I was invited to present at a data conference in Sydney. As part of the research for my talk, I went online and downloaded dozens of annual reports from many of the companies represented at the conference. The idea was to get a better perspective on how companies view themselves, and how they would like to be perceived by their team members, customers, and investors.
As I began to take a closer look, it became apparent how the importance of innovation was at the core of each and every company I looked at. It’s no secret that every company wants to be recognised as an innovation-driven business, and most see innovation as a key strategy to staying relevant in today’s fast-moving world. Well, at least that’s what they all say.
But how many of the companies out there are truly innovative? At times the concept of innovation sounds a lot like teenage sex—everyone is talking about it, only a few are doing it, and even fewer are doing it right.
In my search for answers, I went looking for attributes that make companies truly innovative. These traits include what Jeffrey Baumgartner calls “autonomy” in his article The Seven Essential Characteristics of Innovative Companies.
As he put it: “If you give individuals and teams clear goals together with the freedom to find their own paths for achieving those goals, you create fertile ground for innovation.”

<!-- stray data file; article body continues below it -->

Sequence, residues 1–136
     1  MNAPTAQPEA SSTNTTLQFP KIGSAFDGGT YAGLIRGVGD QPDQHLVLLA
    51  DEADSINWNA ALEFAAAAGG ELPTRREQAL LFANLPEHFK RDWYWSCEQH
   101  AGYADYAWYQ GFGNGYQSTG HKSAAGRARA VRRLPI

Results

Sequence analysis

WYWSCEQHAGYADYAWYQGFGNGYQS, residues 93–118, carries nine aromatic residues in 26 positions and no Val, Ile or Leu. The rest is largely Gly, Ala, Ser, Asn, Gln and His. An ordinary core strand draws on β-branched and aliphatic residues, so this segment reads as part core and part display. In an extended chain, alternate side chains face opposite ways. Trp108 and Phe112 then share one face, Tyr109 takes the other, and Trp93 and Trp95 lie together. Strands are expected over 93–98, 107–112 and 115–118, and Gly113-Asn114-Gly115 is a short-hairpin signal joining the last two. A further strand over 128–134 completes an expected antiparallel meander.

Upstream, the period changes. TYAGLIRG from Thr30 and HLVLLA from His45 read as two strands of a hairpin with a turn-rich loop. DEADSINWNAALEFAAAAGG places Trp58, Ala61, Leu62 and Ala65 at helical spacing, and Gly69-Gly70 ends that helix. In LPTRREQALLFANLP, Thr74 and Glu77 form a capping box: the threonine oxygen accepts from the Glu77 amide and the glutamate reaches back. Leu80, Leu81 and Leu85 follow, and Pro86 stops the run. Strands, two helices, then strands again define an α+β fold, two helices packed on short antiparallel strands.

How Data Helps Fuel Innovation
So what does all this have to do with data and analytics? Could it be that innovative companies have figured out how to leverage their growing mountains of data to find nuggets of information to help them get ahead of their competition?
Yes, that’s certainly true, but the concept is not new as companies have been mining their data for decades using traditional business intelligence tools.
I think there is another key ingredient at play here, one that deals with analysing data at scale. I don’t mean scale as in big data, but scale as in people, and not just highly-skilled data scientist types but all team members.
I like to think of this as a culture of self-reliance, and it’s naturally easier to achieve at a small startup. Continuing to innovate as your company grows can be difficult, though, as size often leads to bureaucratic tendencies and stringent processes that hamper new ideas and autonomy.
What True Self-Reliance Looks Like
Self-reliance is built in part on people’s ability to answer their own questions, which is closely related to the concept of self-service analytic, especially in today’s data-driven age.
For many, the idea of self-service business intelligence, where IT opens up a small menu of capabilities for employees, has not yet produced its promised benefits despite having been around for a few years. It is clearly an improvement on the traditional, IT-run report factory, but it is still too limiting to satisfy people’s ever-growing appetite for information.
So far, self-service BI is more like IKEA’s approach to DIY furniture-making. While it allows us to build our own furniture, it’s limited by factory-manufactured building blocks. As a result, we all end up with the same results despite the process being self-service.